Its the same mentality of 'press button only' that made most ppl think that photography is just 'press button' affair. To add on, the ever falling prices of (D)SLRs plus the ignorance on "buy Pro = Pro" and the marketing tactics of companies & salesmen in an attempt to get sales (lets face it, its inevitable, companies can't survive on enthusiasts market) that 'Pro camera good, can take Pro pictures'.

    Whilst awareness of Arts is raising, it remains confined to the younger, more receptive generation. Older folks who spent the turmulous years in our founding years may not be receptive or as appreciative like the younger generations.

    We can't really take our relatively young state (barely 3 generations old) and compare it to countries like USA or even Venice. Imagine if USA was a new state now, full of shooting cowboys, like the Wild Wild West, u tell the cowboys to appreciate stuff like photography, they will hold the same mentality, the 2nd generations would experience living in a better environment and so on and so on.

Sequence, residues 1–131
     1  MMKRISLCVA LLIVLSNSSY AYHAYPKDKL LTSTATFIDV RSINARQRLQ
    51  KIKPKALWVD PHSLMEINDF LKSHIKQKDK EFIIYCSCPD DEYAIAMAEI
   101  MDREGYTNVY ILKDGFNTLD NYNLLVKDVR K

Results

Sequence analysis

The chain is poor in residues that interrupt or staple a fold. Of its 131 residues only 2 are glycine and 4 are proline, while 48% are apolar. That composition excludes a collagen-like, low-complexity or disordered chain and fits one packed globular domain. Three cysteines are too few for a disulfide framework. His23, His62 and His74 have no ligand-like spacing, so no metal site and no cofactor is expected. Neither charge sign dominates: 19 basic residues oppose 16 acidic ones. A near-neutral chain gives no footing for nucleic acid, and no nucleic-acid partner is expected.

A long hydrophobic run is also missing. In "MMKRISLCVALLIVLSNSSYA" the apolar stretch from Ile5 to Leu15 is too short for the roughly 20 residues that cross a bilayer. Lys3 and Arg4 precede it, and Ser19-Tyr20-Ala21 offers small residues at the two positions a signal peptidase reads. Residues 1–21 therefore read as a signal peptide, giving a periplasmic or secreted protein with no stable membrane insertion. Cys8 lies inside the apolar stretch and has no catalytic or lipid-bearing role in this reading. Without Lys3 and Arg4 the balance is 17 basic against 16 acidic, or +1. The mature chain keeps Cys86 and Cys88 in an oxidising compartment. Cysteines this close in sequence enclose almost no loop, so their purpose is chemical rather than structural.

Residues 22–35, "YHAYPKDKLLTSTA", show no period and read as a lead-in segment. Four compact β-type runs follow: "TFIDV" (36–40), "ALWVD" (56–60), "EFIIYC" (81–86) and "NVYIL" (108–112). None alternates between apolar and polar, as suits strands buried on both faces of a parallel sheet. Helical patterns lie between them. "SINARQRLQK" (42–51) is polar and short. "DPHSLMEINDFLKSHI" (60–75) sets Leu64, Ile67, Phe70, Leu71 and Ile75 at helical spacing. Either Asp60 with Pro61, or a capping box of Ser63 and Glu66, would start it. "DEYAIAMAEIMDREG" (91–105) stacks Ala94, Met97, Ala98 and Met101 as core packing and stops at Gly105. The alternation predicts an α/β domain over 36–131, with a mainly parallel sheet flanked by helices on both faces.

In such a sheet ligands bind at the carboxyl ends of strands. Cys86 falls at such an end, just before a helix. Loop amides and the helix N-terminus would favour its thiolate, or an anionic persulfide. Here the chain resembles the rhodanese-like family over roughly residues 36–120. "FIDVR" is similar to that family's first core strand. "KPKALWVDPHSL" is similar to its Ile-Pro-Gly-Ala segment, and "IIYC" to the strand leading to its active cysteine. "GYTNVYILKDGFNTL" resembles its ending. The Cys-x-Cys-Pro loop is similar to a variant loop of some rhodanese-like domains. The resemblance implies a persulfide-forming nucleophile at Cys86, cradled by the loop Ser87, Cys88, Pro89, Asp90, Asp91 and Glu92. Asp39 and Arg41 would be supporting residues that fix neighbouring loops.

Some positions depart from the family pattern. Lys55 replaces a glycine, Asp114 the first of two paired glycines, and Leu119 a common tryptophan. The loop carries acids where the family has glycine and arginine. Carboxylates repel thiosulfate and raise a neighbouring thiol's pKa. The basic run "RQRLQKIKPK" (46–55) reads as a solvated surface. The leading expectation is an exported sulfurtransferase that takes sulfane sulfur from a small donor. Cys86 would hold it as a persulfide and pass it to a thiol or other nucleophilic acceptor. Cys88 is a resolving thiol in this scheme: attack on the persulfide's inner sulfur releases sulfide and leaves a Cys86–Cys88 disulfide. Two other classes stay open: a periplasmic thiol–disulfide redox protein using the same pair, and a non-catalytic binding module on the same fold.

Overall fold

Unfortunately, not all humans are absolutely receptive to changes. Just as we can expect later generations to be more appreciative of the Arts, we can't expect earlier generations to open up just like that.

    Perhaps in time, we can expect more ppl to be more appreciative of this artform. Our later generations.
    "Wonders of the Human Mind. Unfathomable to the highest degree."

  6. #26

    Default Re: The Degrading Photographic Market

    can't stop ppl doing cheap or free, so the best way is increase price like i did, so never need to compete with low end but with high end.
    Eat breath LIVERPOOL!!!

  7. #27

    Default Re: The Degrading Photographic Market

    Quote Originally Posted by vince123123
    Well, it is the mindset of don't like don't join which leads to such terms being entrenched as the standard and in the end, everyone's doing it.
    Yes, that may be true to a certain extend.

    But look at it from another angle..if enough people stop participating, then those organisers might finally sit up and take notice.

  8. #28
    Moderator ortega's Avatar
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    Default Re: The Degrading Photographic Market

    Quote Originally Posted by Hobbesyeo
    Yes, that may be true to a certain extend.

    But look at it from another angle..if enough people stop participating, then those organisers might finally sit up and take notice.
    yes the demand for cheap/free photography is there, but when the supply runs dry...

    so let us CSers start by doing our part

  9. #29